Read an Excerpt
You Hold the Key to Falling in Love
The process of falling in love begins with an initial attraction between two people. At the very beginning, this is largely a chemical process.
Now, have you ever noticed that as soon as someone falls in love, dozens of other suitors seem to fall out of the trees in pursuit! Isn't it ironic? Perhaps you've even experienced this yourself. Where were they when we were alone?
Paradoxically, the easiest way to find love is to be in love. This sounds like a catch-22: to find love we must be attractive, but we are most attractive when we are in love! The secret to attracting others is not to appear attractive (although that plays a part, of course), but rather to be attractive.
Wouldn't it be great if we could somehow re-create in ourselves the physiological state of love, even if we didn't yet have love in our life? By re-creating the physiological state of love in ourselves, we would naturally become more attractive, since our body's biochemistry can't tell the difference from the real thing.
Well, you can become a "love magnet," drawing compatible partners to you effortlessly. How? Simply by seeking pleasure. Pleasurable activities reproduce virtually the same physiological state we experience when we are in love. The trick is that when we don't have love in our lives, we tend to avoid the very joyous and pleasurable activities that would make us more attractive.
Loving and being in love, then, are natural states. You don't have to do anything to find love. Love will come into your life if you simply remove the obstacles that are standing in its way. And we start the process by creating love nottomorrow but today, right now.
Welcome Back: Reviewing Your First Exercise
By now, you've completed the exercise on page xiii. When you began it, the assignment may have seemed easy. What could be simpler? Someone is not only asking me to indulge myself, but insisting on it!
But many people report that the assignment was more difficult than they had imagined. Often people find they don't know how to go about indulging in pleasurable activities without feeling awkward. Others actually report an internal resistance to giving themselves pleasure.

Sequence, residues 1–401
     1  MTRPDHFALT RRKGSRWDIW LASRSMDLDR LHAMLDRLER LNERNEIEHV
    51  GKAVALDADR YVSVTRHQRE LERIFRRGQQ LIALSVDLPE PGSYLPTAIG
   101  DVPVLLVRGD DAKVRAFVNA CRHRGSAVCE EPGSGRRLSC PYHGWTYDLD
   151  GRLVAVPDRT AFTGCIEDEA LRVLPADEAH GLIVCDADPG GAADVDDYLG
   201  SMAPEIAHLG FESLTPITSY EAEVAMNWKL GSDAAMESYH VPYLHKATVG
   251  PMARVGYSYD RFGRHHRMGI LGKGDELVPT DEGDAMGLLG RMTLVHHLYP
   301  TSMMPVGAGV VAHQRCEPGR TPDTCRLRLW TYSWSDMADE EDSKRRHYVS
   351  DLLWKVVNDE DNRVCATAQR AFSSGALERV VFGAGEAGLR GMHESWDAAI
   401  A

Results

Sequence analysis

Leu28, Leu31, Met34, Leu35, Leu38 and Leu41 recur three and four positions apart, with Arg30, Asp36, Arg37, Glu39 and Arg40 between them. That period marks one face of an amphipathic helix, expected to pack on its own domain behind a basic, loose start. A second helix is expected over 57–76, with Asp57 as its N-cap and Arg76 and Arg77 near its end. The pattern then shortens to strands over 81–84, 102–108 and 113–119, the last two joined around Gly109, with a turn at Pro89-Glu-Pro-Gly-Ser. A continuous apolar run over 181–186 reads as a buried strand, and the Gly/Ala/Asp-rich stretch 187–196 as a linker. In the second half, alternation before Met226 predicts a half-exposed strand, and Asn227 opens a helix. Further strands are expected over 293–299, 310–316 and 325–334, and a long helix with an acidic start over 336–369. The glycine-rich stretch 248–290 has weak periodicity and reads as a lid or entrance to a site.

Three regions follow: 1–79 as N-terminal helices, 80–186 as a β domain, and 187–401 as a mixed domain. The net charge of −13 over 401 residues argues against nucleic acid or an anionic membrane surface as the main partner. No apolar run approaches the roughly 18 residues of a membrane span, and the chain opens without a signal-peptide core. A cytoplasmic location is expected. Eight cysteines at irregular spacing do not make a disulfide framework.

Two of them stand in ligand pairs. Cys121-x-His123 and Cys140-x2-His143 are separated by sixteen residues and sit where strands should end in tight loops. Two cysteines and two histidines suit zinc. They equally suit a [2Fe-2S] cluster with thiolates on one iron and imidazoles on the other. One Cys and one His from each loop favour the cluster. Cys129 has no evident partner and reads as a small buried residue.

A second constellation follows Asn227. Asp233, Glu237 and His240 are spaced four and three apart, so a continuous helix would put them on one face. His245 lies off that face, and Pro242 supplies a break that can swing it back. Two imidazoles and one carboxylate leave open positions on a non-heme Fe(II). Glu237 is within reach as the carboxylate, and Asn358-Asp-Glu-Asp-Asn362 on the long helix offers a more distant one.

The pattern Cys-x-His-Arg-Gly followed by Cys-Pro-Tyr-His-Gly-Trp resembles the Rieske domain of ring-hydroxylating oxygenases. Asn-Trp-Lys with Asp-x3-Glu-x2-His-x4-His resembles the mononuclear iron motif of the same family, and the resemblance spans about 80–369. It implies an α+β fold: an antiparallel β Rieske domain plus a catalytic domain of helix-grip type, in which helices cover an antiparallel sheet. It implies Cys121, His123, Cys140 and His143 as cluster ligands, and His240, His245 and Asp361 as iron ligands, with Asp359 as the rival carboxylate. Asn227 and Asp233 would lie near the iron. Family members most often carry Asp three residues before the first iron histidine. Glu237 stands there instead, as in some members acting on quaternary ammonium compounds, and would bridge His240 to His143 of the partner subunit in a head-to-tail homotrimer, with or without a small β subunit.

How did you feel? Be honest. Were you self-conscious? Did you feel self-centered? A bit awkward? Guilty? Undeserving? Too depressed to enjoy yourself?
Love and joy are synonymous. The state of love and being in love is one of intense pleasure. Although a love relationship can be an enormous source of pain, the perceptual, physical, emotional, and energetic experience of love itself is the experience of pleasure.
The Practical Intuition(TM) in Love program is not about waiting to find the "perfect" mate or lover, or waiting for your current relationship to improve. It's about learning how to take joy and pleasure in the here and now. Which is another reason why we did the "pleasure experiment" before anything else.
Before Falling in Love, You Must FirstFall into a State of Pleasure
Love--chemically, emotionally, and psychically--occurred in you long before you actually arrived at the age of sexual development or met a mate. As a child, you experienced it with your parents, your friends, your toys, your pets, your ideas, your favorite foods or places. You fell in love with things, people, and experiences that brought you comfort and pleasure.
Do you remember when you were a teenager, before you had your first sexual attraction? Your best friend was everything. Or perhaps your dominant relationship was with your teacher, coach, or even a hero in a movie or book, or your plans and dreams. Earlier still it was with your mother or your father or your dog.
When you fall in love, you fall into a state of pleasure. Love is fundamentally about pleasure, both the pleasure we give and the pleasure we receive. Being able to experience pleasure fully is a precondition for falling in love with the right person.
By pleasure I do not mean simply sexual gratification, though sex is of course a very important part of being in love. Love begins when you are able to take pleasure in simple, everyday activities. Love, on a biochemical level, is a heightened sense of pleasure. We form our love relationships for a variety of reasons, but each one should be experienced in a way that increases pleasure in life.
Yet in my practice, I continually come across bad relationships in which partners are making each other's life miserable. Do we eat foods primarily for their nutritional content or for the pleasure they bring us? If you don't really like broccoli, do you force yourself to eat it--or do you try to change the experience of eating broccoli in ways to make it more pleasurable, such as adding spices or sauces?
The profound connection between love and pleasure can be demonstrated scientifically by measuring our physical responses. Our heart rate and respiration actually change when we see loved ones after a separation. A good movie or a good laugh can evoke a similar physiological response. Pleasurable objects and activities stimulate the loving part of ourselves.
We say there is "spark" to love, and that lovers should have good "chemistry." These are not just metaphors. It may be unromantic to contemplate, but it's important to remember that we are animals, with genetic, physical, and biological needs.I say this because a big part of falling in love is actually chemical.